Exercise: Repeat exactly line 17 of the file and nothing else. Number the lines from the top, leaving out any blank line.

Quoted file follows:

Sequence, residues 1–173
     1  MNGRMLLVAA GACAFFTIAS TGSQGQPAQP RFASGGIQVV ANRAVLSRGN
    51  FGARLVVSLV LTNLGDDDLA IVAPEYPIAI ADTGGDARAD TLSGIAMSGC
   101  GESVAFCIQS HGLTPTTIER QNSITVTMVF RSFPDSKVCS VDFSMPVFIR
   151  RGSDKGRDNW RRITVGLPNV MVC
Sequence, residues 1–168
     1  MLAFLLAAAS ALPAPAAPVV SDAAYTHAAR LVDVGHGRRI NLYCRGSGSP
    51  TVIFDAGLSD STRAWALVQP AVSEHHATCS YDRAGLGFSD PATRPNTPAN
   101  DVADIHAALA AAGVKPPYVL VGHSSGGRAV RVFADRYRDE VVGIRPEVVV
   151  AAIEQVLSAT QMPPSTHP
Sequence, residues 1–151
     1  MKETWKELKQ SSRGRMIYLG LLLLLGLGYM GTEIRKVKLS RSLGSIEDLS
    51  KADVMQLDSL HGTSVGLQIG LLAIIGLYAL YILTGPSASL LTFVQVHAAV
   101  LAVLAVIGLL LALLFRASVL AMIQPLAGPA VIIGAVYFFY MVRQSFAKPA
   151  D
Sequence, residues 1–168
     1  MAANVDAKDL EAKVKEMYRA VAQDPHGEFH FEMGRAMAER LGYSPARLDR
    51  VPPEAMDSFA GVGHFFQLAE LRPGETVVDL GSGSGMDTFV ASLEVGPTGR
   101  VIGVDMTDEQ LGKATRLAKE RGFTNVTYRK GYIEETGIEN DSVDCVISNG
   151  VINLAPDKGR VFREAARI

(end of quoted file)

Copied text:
     1  MAANVDAKDL EAKVKEMYRA VAQDPHGEFH FEMGRAMAER LGYSPARLDR